Don’t go all out. Much of the advice on starting a blog can be intimidating. I’ve seen articles that stress the need for daily postings as integral to a successful blog. That may be true if you’re aiming for a high-exposure blog to establish your credentials as a national expert on a particular topic. But for many attorneys, a blog can be set up to function as a law firm website that also has the capability to upload work samples or post announcements to current and potential clients (such as notice of a free clinic on wills or a speaking engagement).
Free or inexpensive blog software can help you get started on your own log in a matter of minutes. Blogger ( www.blogger.com) is free; it offers your choice of professional-looking templates and will even easily upload photos to the site. Registering at Typepad ( www.typepad.net) costs less than $100 per year and offers online storage, which means that you can upload work samples such as briefs or articles and photos right to the site. If you want to get really fancy, you can create a password-protected area for clients so they can access some information online (though you should check the security features first).
Both Blogger and Typepad are designed with non-technical users in mind, so the simple setup can be done in under an hour. (I know this from personal experience.) If you’re nervous about doing it yourself, hire a student or ask a tech-savvy staffer to do it—and train you on its use. In addition, a company called lexBlog ( www.lexblog.com) specializes in setting up web logs for lawyers. ( A product review of lexBlog can be found on page 64 of this issue of GPSolo magazine .)
Blog during downtime. Obviously, you’re not going to blog when you’re on deadline to complete a brief or prepping to meet with a new client. But blogging isn’t an activity like brief writing that requires a solid period of intense concentration. Blogging can be done in snippets throughout the day, and solo practice offers such periods of downtime: after a contentious deposition or while waiting for a client call—times you probably don’t get much done beyond reading the newspaper or chatting with an office mate. Use that time to blog. Alternatively, many of us arrive at the office half an hour early and find that’s a good time for blogging.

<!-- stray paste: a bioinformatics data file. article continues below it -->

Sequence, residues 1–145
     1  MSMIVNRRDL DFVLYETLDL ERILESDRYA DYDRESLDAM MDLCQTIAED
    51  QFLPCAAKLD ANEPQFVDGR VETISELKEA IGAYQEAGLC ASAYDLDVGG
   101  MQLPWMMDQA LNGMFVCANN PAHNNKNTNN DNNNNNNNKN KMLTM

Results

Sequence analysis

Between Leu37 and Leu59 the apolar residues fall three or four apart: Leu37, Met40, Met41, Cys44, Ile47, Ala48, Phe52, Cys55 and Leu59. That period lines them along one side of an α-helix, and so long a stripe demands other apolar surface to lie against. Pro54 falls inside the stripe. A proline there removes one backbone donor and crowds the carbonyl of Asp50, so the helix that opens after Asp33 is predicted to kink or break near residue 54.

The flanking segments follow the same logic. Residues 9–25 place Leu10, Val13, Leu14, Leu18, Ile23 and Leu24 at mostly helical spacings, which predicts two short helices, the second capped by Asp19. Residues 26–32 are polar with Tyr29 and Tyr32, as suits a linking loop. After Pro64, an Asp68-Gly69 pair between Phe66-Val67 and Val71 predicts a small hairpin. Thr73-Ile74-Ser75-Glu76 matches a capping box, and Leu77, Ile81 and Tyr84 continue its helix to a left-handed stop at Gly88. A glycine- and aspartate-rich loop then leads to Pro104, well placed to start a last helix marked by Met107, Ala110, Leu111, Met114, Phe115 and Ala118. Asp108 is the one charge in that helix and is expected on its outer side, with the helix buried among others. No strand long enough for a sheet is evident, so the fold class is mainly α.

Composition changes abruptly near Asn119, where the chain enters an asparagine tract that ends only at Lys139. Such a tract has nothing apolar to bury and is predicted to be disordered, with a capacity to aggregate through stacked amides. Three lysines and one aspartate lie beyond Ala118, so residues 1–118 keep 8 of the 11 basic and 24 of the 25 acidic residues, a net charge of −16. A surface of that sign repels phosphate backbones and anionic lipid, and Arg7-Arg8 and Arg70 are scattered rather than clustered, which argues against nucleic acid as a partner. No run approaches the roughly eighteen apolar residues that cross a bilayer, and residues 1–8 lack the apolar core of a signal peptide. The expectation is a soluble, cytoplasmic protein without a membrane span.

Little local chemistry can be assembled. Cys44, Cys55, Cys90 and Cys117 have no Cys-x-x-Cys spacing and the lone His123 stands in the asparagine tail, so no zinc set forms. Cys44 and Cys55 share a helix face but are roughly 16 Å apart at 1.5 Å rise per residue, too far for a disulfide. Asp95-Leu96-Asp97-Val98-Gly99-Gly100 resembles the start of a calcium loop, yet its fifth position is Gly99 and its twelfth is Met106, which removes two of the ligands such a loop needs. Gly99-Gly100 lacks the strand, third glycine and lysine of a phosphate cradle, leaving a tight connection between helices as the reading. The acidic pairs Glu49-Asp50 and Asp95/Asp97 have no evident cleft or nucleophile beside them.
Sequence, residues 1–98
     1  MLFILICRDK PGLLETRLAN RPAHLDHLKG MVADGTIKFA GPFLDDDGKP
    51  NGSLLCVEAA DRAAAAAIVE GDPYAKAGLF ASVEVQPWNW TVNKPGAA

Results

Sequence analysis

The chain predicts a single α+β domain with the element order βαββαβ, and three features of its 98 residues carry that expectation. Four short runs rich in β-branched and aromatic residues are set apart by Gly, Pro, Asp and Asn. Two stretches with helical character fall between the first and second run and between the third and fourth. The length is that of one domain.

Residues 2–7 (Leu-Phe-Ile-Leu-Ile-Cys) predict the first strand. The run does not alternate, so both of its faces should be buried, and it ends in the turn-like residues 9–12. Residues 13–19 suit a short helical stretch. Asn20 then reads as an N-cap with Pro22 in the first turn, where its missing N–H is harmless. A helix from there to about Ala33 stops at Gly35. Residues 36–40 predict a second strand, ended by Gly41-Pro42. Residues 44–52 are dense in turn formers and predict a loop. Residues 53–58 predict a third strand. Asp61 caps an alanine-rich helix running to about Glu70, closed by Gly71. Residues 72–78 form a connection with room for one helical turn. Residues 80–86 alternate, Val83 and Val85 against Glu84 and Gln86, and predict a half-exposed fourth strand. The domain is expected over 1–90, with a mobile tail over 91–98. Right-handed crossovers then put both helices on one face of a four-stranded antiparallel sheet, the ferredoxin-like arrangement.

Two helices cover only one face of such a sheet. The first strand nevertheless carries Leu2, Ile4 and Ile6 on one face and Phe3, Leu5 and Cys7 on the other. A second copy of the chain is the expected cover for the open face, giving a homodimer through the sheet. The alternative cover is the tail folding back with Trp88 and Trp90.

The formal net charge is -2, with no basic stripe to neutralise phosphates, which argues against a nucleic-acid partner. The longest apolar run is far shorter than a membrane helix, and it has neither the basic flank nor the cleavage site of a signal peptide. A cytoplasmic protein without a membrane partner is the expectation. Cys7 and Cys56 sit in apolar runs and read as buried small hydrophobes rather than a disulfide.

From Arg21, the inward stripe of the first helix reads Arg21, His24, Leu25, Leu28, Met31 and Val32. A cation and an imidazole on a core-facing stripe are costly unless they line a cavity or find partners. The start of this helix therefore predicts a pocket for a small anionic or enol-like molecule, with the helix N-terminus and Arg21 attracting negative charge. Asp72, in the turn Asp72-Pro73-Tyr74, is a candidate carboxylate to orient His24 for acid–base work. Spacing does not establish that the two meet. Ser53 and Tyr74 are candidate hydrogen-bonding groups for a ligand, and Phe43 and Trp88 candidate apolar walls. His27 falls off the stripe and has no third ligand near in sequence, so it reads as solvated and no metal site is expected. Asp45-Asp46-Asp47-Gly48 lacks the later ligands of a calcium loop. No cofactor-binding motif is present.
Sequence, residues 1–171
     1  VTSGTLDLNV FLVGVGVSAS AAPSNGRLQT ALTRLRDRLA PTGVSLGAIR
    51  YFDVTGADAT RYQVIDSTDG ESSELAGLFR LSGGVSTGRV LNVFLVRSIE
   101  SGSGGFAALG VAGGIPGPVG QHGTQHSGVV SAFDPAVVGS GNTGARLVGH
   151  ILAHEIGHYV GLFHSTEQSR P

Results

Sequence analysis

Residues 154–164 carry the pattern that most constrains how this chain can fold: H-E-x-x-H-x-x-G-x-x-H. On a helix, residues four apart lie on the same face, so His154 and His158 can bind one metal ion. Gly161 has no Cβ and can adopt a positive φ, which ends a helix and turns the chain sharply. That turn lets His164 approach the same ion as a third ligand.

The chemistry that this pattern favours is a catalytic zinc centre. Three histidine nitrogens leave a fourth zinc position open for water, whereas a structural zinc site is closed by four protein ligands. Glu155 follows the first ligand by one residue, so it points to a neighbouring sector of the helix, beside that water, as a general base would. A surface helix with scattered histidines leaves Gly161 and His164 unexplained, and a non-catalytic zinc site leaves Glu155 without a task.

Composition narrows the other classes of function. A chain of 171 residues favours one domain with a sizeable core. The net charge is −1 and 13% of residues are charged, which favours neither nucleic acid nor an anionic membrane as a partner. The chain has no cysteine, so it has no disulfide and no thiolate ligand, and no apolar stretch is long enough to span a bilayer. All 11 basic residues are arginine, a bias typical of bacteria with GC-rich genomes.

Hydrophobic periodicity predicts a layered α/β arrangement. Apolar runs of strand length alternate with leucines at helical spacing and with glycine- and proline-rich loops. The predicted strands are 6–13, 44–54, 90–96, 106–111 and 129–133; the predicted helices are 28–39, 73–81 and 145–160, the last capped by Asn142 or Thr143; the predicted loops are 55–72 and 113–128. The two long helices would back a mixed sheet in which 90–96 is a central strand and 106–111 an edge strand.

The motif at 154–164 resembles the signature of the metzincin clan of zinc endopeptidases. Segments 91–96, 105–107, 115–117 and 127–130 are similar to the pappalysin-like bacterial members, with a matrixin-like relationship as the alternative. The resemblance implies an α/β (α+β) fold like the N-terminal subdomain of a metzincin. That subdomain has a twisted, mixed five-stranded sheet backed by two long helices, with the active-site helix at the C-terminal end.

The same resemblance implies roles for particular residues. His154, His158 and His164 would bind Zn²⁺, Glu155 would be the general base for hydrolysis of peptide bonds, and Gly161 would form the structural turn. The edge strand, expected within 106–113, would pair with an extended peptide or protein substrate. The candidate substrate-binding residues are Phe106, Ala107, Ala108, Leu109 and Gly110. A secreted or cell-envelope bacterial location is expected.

Be a blog parasite. Even if you don’t operate your own blog, you can get plenty of online visibility by riffing off others’ blogging efforts. Evan Schaeffer’s Notes from the Legal Underground ( www.legalunderground.com) invites guests to post once a week, and many other bloggers will offer space if you ask. The advantage of posting on a well-trafficked blog instead of, for example, a bar publication is that the blog will dynamically increase your visibility in search engines such as Google.
Many blogs also offer space for comments, and even a short comment with your name can increase your search-engine ranking. Reader input makes the blog look popular and provides new material for a blog, thus giving its author a reprieve from daily postings.
Delegate blogging. Some blogs are popular because they reflect the unique and dynamic voice of the author. Others serve as excellent information sources, like the popular SCOTUS blog sponsored by Supreme Court boutique Goldstein and Howe ( www.scotusblog.com/movabletype). You can delegate a basic blog that simply updates legal news or case development to a law clerk or paralegal, in exchange for responsibility over selecting news stories or providing commentary. Using the blog tools, your support staff might also send out e-mail alerts about special postings. This can keep clients more informed on a more regular basis than a firm newsletter. With staff handling the basics of running the blog and keeping it current, you would have the time to post detailed commentary, schedule permitting.
Group blogging. One of the most successful academic blogs, Volokh Conspiracy ( www.volokh.com) is actually a group blog done by 14 academics and attorneys. (No wonder it’s so prolific.) But practicing attorneys also can make use of the group model. Understandably, attorneys who practice in competing areas might be reluctant to join, but attorneys with complementary or overlapping practices (for example, personal injury and workers’ comp) could join forces. By doing so, you could offer a wealth of material and perhaps attract more readers (not to mention having backup when one of you is swamped or on vacation).
Plenty of blog topics remain untapped. Many areas of state-specific law are not yet covered—for example, Maryland family law or Texas personal injury law. And even if they were, don’t be deterred. Areas such as ethics or corporate law lend themselves to state-specific interpretations, political spin, or target audiences; and many bloggers use material from other sites as their starting point.
So even if lack of time is your excuse for not investigating blogs, it’s not a particularly valid one. If you’ve just arrived at the office and it’s only 8:35 a.m., forgo the walk next door for that latte and fire up your web browser. You’ve got 25 minutes to start blogging.
Carolyn Elefant is a sole practitioner in the Washington, D.C., area. She can be reached at firstname.lastname@example.org. For additional blog info, visit her blog at www.myshingle.com or her website at www.his.com/israel/loce.